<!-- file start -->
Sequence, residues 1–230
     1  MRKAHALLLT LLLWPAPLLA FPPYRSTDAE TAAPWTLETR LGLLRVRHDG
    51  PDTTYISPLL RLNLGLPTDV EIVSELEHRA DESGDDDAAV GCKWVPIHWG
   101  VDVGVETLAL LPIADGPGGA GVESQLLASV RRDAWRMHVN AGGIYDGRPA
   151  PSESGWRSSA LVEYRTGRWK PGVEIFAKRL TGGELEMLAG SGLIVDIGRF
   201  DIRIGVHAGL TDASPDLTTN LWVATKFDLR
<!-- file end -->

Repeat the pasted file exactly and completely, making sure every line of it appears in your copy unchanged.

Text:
Sequence, residues 1–230
     1  MRKAHALLLT LLLWPAPLLA FPPYRSTDAE TAAPWTLETR LGLLRVRHDG
    51  PDTTYISPLL RLNLGLPTDV EIVSELEHRA DESGDDDAAV GCKWVPIHWG
   101  VDVGVETLAL LPIADGPGGA GVESQLLASV RRDAWRMHVN AGGIYDGRPA
   151  PSESGWRSSA LVEYRTGRWK PGVEIFAKRL TGGELEMLAG SGLIVDIGRF
   201  DIRIGVHAGL TDASPDLTTN LWVATKFDLR